After right airbag deflation, the left airbag was inflated to elevate the left chest and the right lung was ventilated unilaterally. A 2.5-cm incision was made in the 4th intercostal space at the left middle axillary line and extended with tissue retractor as working port, and a 1.0-cm incision was made in the 3rd intercostal space at left posterior axillary line as observation port (Figures 3,4). The pericardium was opened 2 cm beneath the phrenic nerve and suspended to expose the heart. The left atrial appendage (LAA) was resected first with a stapler (Ethicon EndoSurgery, Ohio, USA), which allows better exposure of the atrial roof and ligament of Marshall. After left pulmonary veins been snared by Wolf Dissector, The AtriCure bipolar isolator was introduced via the catheter with the tip advanced medially to reach the right side of the left atrium (previous ablation line) as much as possible. This was followed by ablation of the left pulmonary veins with six applications of energy delivery. Ablation of the left pulmonary vein- LAA line, and the left part of the floor line was repeated with the AtriCure bipolar ablation pen to form a complete “Box Lesion” of the posterior wall of left atrium. The incisions were then closed following the same procedure described for the right side. External synchronous cardioversion was applied if AF persisted after the completion of all steps.
Amiodarone 400 mg/day was administered on the first postoperative day and gradually decreased to 200 mg/day (typically at discharge). Warfarin was also administered for anticoagulation routinely. A review examination was scheduled three months after discharge. Amiodarone was stopped then in all patients whether they were in sinus rhythm or not, and the need for long-term anticoagulation was determined by the CHA2DS2-VASc score. Catheter mapping and ablation was recommended for recurrent atrial tachyarrhythmias.
Patients were followed up by outpatient visits and telephone interviews 3, 6, and 12 months after surgery and then annually afterwards. The symptoms, TTE and 7-day Holter findings were recorded. The first three months after surgery were considered as the “blanking period”. After a 3-month blank period, a relapse was confirmed if 7-day Holter revealed an atrial arrhythmia (AF, atrial flutter, or atrial tachycardia) persisted for more than 30 seconds (1).
The count data were presented as percentages, and the measurement data as mean ± standard deviations (
These 54 patients had an average age of 55.5±9.0 years and 15 were female (27.8%). Seventeen patients (31.5%) had a history of smoking. Additional co-morbidities included hypertension (n=26, 48.1%), diabetes (n=6, 11.1%), coronary heart disease (n=3, 5.6%), and chronic obstructive pulmonary disease (n=3, 5.6%). Previous stroke and catheter ablation were noted in 11 (20.4%) and 7 (13.0%) respectively. The average CHA2DS2-VASc score was 1.5±1.1. The duration of AF was 49.4±56.6 months. The type of AF was persistent, longstanding persistent and paroxysmal in 12 (22.2%), 40 (74.1%), and 2 (3.7%) respectively. The left atrial diameter (LAD) was 42.6±5.0 mm (Table 1).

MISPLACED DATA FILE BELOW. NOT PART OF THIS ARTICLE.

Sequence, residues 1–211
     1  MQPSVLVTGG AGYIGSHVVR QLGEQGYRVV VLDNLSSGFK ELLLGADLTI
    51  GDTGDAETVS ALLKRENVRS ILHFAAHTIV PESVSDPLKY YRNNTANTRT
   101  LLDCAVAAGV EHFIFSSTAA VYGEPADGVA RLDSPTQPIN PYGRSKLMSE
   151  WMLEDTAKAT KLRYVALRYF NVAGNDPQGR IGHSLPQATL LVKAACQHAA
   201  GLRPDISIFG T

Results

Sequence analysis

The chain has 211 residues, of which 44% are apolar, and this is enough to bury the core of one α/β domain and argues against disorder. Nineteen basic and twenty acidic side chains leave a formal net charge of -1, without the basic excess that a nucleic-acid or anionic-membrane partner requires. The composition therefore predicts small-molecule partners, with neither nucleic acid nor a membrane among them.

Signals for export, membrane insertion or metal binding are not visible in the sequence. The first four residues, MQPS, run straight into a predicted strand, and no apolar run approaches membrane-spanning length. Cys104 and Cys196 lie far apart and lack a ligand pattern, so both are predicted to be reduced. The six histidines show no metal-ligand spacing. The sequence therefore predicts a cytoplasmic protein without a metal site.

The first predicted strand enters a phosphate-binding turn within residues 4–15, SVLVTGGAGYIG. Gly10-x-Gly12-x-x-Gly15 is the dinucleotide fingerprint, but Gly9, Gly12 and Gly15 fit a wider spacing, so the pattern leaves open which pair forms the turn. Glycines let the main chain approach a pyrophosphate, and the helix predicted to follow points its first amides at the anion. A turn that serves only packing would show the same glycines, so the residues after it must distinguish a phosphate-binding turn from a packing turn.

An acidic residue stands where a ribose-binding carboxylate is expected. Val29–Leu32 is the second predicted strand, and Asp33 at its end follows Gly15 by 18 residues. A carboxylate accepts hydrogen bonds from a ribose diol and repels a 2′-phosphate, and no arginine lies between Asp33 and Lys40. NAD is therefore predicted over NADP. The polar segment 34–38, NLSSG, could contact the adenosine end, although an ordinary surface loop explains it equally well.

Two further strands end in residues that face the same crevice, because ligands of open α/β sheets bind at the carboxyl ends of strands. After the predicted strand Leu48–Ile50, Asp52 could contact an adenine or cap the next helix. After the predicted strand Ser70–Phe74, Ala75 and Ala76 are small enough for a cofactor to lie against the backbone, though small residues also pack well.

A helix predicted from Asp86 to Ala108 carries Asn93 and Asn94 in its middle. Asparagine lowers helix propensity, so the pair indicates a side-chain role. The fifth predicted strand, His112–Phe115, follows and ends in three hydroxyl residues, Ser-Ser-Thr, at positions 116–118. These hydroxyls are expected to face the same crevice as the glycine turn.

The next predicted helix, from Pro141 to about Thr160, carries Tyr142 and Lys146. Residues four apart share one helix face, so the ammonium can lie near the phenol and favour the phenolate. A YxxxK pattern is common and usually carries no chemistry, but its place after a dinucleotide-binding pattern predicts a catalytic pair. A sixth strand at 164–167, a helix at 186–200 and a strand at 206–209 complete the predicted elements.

During the procedure, 1 patient (1.9%) was converted to sternotomy due to intraoperative hemorrhage and CMP IV was completed. Two patients underwent a one-stop hybrid procedure. In another two cases, only the right-sided ablation was performed due to left pleural adhesion, and they underwent subsequent percutaneous catheter ablation (CA) combined with LAA occlusion at day 6 and day 11 after surgery during the same hospitalization. The postoperative ventilation time was 8.6±8.6 hours, the ICU stay was 47.7±50.9 hours, and the postoperative hospital stay was 7.1±3.6 days. There was no in-hospital mortality. One patient required a repeat thoracoscopic exploration due to postoperative bleeding. Three patients developed mild lung infection and one suffered from bilateral diaphragm paralysis. No other complication was observed such as low cardiac output syndrome, stroke, permanent pacemaker implantation, or poor wound healing. Sinus rhythm was achieved before discharge in 26 patients (48.1%) (Table 2).
All patients were seen in follow up with the mean length of follow-up of 14 months (range, 3–30 months). Although the one patient that converted to median sternotomy remained in sinus rhythm, the outcome was still counted as technique failure. Twenty-eight patients in sinus rhythm or not, underwent left atrium angiography to conform LAA closure (stump less than 1 cm in all patients), and catheter mapping and ablation three months after the operation to conform the lesion set made by this procedure. Sinus rhythm was achieved in 35 (64.8%) three months after surgery (before CA) and maintained in 47 (87.0%, after subsequent mapping & CA, P=0.005) without any anti-arrhythmia drug and all patients survived without stroke, hemorrhage or pulmonary vein stenosis in recent follow-up visits. The patient with symptomatic bilateral diaphragm paralysis improved gradually one month after discharge.
CMP was first performed by James L. Cox in 1991 (5). It interrupts potential intra-atrial macroreentrant circuits and isolates triggers that cause AF through extensive “cut-and-sew” lesions in both the left and right atria. The procedure has favorable long-term efficacy at maintaining sinus rhythm, but with disadvantages that include a complex and prolonged operation, extensive surgical trauma, and alterations of atrial mechanics that can impact the chamber compliance and function. CMP III has gradually been replaced by CMP IV where “cut-and-sew” is replaced by radiofrequency, cryo or other energy for ablation to simplify the operation. Both CMP III and CMP IV need to be performed under extracorporeal circulation and sternotomy, mostly as a concomitant procedure in open-heart surgery.